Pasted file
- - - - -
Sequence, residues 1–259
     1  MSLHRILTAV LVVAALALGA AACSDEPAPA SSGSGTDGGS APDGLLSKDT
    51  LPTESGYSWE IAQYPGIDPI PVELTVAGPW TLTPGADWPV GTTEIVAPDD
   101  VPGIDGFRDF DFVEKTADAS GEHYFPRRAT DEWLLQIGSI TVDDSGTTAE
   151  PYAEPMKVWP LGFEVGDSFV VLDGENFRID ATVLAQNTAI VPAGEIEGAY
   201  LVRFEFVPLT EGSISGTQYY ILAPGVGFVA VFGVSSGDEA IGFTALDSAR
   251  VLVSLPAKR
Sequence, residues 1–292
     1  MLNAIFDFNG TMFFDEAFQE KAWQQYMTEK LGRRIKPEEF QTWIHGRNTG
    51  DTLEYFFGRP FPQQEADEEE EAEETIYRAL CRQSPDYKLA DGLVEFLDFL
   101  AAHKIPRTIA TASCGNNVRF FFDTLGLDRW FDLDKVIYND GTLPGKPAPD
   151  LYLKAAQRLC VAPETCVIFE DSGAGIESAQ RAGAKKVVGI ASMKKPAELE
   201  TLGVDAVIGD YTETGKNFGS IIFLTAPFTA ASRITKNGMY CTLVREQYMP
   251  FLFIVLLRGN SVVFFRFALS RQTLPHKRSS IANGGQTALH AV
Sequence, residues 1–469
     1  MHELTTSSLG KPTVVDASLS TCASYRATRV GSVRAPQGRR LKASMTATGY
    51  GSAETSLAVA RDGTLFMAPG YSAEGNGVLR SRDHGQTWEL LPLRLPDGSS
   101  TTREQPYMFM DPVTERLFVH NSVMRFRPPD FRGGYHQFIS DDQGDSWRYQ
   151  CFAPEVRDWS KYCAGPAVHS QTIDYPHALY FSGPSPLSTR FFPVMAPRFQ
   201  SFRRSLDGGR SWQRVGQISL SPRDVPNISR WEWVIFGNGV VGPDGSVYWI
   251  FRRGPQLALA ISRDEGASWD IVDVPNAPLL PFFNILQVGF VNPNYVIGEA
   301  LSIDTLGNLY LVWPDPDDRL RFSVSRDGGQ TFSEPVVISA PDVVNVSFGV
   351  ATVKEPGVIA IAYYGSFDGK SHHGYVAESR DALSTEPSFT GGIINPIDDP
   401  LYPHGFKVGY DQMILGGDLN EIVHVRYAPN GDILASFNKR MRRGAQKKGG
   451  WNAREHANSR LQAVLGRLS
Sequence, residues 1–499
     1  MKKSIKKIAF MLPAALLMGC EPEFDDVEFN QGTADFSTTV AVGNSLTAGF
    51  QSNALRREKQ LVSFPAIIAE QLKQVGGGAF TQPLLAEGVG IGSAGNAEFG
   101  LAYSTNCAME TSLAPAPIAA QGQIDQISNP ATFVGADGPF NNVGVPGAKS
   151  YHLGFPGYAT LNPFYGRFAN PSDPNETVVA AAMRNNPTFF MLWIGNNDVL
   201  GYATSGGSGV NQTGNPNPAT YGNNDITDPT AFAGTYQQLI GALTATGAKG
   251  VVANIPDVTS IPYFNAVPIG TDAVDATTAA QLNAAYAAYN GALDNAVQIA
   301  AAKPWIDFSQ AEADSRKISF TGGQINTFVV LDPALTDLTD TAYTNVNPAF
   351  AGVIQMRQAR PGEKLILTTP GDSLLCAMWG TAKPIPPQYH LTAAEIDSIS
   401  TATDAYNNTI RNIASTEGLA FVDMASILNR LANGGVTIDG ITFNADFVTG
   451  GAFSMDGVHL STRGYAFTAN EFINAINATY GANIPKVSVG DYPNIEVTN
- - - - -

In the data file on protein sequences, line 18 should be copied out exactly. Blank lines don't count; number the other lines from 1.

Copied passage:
   101  TTREQPYMFM DPVTERLFVH NSVMRFRPPD FRGGYHQFIS DDQGDSWRYQ